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This is in continuation to this question: I answered incorrectly to "Have you ever been refused a visa?" in my UK Tier 4 visa application form

I emailed UKVI and informed them that I made a mistake. I disclosed all details of my refusal and offered to share the refusal letter if they ask for it. I received a pretty generic reply:

Dear X,

Thank you for contacting UK Visas and Immigration International Contact Centre.

With regards to your enquiry, I can confirm your Visa application is awaiting a decision. Filling out the visa application correctly is your responsibility. After biometrics, you won't able to change any information and application will be under processing.

Regards,
Abul
UK Visas and Immigration

So what does this mean? I had requested them to share this info with the concerned ECO. I don't know if they will. But can they still claim deception after I sent an email? If it gets refused, can I say that I tried to disclose my mistake in my administrative review?

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    In Denmark, visa related data is stored in the Schengen-wide VIS database for five years. The authorities in the UK do not have direct access to this data (you can make FOI requests to the UK and Denmark to confirm this). It's good that you sent an email but the chance of a refusal for deception on your current application is close to zero. You should have contacted a professional rather than rely on online advice before sending that email. – uberqe Aug 15 at 17:16
  • @uberqe I did talk to a few solicitors. Almost all of them advised me to send an email describing how I got a refusal. – Aburjwal Aug 15 at 18:00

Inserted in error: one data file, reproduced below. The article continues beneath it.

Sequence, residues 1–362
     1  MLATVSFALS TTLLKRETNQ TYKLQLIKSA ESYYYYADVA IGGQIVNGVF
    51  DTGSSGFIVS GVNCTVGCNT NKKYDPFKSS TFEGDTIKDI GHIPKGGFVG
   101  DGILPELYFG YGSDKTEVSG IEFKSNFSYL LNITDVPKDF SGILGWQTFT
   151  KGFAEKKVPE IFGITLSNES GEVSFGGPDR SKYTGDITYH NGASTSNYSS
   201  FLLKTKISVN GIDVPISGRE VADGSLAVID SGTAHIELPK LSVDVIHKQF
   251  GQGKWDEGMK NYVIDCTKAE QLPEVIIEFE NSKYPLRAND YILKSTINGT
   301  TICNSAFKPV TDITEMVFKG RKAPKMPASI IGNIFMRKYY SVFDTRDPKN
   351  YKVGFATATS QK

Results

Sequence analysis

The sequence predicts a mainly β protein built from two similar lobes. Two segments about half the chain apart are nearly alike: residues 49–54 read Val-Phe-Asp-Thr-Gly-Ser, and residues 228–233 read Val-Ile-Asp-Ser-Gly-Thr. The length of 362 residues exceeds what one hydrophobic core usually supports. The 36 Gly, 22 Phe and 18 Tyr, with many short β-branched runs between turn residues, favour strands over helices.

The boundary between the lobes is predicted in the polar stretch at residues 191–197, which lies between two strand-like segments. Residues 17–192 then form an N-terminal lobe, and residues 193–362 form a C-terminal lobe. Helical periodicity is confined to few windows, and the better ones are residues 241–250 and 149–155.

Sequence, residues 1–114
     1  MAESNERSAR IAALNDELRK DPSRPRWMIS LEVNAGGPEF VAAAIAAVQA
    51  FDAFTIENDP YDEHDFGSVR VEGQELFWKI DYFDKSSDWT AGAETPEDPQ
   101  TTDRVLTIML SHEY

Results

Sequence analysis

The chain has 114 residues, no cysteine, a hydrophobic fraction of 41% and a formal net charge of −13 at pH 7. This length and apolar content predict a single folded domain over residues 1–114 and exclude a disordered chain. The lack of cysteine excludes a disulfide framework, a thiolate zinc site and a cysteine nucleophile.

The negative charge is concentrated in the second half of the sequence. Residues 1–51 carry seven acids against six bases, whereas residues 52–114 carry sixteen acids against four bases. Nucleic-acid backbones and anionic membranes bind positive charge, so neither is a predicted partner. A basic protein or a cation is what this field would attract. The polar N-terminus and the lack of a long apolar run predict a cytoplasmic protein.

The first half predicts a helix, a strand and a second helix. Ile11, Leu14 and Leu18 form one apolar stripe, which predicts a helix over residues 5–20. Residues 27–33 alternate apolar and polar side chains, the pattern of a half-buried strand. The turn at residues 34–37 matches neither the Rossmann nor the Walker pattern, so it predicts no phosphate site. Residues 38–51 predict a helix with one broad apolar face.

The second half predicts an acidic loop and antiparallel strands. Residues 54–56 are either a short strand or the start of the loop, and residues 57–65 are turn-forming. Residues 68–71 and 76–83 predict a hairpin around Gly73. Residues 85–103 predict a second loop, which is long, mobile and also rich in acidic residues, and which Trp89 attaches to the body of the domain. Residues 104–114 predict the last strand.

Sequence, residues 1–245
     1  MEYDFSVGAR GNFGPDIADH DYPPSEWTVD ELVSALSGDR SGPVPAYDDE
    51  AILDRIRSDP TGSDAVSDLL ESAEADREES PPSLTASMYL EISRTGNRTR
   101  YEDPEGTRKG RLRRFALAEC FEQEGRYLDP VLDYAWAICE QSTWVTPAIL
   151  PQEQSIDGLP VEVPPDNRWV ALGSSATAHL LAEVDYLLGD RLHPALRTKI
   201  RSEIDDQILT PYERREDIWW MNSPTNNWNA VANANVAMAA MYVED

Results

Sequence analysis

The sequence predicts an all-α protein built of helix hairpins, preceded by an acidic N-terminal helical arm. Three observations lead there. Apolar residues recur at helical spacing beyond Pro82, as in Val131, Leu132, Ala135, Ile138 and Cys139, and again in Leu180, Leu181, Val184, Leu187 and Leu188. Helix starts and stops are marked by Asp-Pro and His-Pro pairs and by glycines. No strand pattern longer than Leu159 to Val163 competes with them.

• Can you withdraw the application at this point? – Patricia Shanahan Aug 15 at 18:50
  • @uberqe You write above "It's good that you sent an email but the chance of a refusal for deception on your current application is close to zero." This makes no sense: the OP made a significant error. The result won't be a "close to zero" chance of refusal for deception, but instead a "close to unity" chance of refusal. The "close to zero" chance would be for success of the flawed application, not refusal. – DavidSupportsMonica Aug 15 at 21:16
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    @DavidSupportsMonica No. Schengen refusals are only stored for five years. The UK has no direct access to these records anyways. The risk of the decision-maker finding out about the refusal in Denmark is close to zero. You can make FOI requests to Denmark and the UK yourself if you have any questions about what data is shared. It's free. And the authorities are required to provide this information by law. – uberqe Aug 15 at 21:43
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So what does this mean?

They rejected your request to submit more information for your application. Your application will be judged on its merits based on the information submitted at the time biometrics were taken.

I had requested them to share this info with the concerned ECO. I don't know if they will.

They won't, thats quite clear from the answer you received, specifically this line: